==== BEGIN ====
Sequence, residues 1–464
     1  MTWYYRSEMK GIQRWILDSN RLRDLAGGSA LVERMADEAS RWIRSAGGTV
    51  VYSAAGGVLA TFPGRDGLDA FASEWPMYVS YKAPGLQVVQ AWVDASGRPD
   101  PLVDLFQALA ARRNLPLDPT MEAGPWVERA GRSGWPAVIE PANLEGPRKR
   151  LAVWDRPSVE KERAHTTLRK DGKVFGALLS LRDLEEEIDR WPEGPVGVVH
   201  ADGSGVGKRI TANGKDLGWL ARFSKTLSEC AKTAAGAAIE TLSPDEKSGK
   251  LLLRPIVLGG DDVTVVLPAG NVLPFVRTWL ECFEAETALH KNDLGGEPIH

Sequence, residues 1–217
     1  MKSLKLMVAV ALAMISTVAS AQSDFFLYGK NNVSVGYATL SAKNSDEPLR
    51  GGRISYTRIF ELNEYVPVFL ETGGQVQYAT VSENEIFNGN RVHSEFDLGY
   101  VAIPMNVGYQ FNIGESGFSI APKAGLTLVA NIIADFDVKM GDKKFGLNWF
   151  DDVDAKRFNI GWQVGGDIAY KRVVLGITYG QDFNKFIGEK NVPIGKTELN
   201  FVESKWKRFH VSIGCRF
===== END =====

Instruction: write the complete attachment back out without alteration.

Sequence, residues 1–464
     1  MTWYYRSEMK GIQRWILDSN RLRDLAGGSA LVERMADEAS RWIRSAGGTV
    51  VYSAAGGVLA TFPGRDGLDA FASEWPMYVS YKAPGLQVVQ AWVDASGRPD
   101  PLVDLFQALA ARRNLPLDPT MEAGPWVERA GRSGWPAVIE PANLEGPRKR
   151  LAVWDRPSVE KERAHTTLRK DGKVFGALLS LRDLEEEIDR WPEGPVGVVH
   201  ADGSGVGKRI TANGKDLGWL ARFSKTLSEC AKTAAGAAIE TLSPDEKSGK
   251  LLLRPIVLGG DDVTVVLPAG NVLPFVRTWL ECFEAETALH KNDLGGEPIH

Sequence, residues 1–217
     1  MKSLKLMVAV ALAMISTVAS AQSDFFLYGK NNVSVGYATL SAKNSDEPLR
    51  GGRISYTRIF ELNEYVPVFL ETGGQVQYAT VSENEIFNGN RVHSEFDLGY
   101  VAIPMNVGYQ FNIGESGFSI APKAGLTLVA NIIADFDVKM GDKKFGLNWF
   151  DDVDAKRFNI GWQVGGDIAY KRVVLGITYG QDFNKFIGEK NVPIGKTELN
   201  FVESKWKRFH VSIGCRF